A mokoro is a shallow dugout canoe typically carved from a sausage tree, although newer ones are being made from fiberglass. Rather than paddles, the mokoro is pushed through the Delta by a poler, a man who stands in the back with a bamboo pole. Most trips organized from Maun are booked through the Okavango Polers Trust. This collective was formed in 1998 by the Seronga Community; it is entirely run by the community and profits are shared by the workers.
From my hostel, I would be going on the overnight trip with three students from California. The trip is self-catered so you must bring your own food and camping gear, and typically, it is polite to bring food for your guides as well. I had bread, peanut butter, muesli, and oranges with me, since I didn’t have any cooking equipment. I was hoping that whoever was on my trip as well might have something a little more exciting with them to offer the guides. But I was oh so wrong. These comical kids from California showed up 20 minutes late and hungover. We climbed in the speedboat that was to take us to the village from which our mokoro trip would depart, and halfway into this ride, the students realized they had forgotten their food bag. They only had a half box of corn flakes, peanut butter, apples, and cookies for the three of them for the next two days. What ensued was a fun-filled adventure with two guides who were good-hearted and found us to be a bit of a joke. However, at least we provided them with a good laugh, and in return, they took us on the trip of a lifetime.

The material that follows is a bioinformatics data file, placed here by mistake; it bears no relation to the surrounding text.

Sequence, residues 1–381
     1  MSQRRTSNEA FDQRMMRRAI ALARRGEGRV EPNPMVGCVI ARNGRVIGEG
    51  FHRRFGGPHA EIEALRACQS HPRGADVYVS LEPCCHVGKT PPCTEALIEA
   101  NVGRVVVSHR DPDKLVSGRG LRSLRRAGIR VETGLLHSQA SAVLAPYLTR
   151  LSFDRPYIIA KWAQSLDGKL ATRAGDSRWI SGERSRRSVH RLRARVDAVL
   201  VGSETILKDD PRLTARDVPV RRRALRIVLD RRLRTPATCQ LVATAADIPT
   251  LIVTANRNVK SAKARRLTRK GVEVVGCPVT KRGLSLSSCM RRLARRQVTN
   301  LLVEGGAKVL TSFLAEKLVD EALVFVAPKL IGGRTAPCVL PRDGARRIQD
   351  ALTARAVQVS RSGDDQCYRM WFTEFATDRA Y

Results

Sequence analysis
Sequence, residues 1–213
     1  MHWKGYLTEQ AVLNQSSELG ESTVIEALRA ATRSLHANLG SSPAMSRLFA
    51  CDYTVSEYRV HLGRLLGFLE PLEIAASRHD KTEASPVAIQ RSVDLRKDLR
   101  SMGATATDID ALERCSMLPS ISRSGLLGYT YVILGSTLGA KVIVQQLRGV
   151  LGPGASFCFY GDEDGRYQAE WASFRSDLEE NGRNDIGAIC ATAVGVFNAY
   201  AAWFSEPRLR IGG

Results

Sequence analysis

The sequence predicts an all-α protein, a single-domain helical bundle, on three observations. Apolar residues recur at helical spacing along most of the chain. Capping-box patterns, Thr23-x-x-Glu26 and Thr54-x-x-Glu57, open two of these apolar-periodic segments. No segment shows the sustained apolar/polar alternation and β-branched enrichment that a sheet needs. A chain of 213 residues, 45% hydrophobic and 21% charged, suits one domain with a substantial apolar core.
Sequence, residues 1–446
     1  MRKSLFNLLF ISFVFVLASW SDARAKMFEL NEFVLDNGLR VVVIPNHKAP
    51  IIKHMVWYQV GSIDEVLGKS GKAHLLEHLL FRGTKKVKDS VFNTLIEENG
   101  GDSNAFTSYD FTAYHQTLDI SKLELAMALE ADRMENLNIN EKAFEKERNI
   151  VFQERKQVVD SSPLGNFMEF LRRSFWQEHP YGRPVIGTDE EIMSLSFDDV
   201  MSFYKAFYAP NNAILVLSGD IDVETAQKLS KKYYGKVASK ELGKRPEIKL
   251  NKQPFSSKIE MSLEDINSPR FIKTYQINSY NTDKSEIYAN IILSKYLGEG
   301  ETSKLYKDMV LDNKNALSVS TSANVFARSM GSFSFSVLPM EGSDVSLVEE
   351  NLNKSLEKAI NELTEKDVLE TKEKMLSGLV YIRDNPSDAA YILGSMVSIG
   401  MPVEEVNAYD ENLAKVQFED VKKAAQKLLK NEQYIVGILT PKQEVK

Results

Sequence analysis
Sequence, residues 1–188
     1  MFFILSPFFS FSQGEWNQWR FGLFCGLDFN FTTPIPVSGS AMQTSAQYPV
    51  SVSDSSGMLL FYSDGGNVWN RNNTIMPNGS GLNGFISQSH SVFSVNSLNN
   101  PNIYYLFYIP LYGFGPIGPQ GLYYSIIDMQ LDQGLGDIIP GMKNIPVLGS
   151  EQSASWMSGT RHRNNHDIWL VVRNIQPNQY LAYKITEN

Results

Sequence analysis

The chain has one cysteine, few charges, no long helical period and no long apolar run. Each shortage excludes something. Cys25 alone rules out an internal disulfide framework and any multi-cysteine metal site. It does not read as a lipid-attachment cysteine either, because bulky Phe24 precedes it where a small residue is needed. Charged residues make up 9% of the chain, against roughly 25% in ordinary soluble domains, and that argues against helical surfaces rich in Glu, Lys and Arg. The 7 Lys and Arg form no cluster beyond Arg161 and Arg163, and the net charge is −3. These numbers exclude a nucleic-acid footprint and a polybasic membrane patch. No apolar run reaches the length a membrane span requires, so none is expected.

The Trip Begins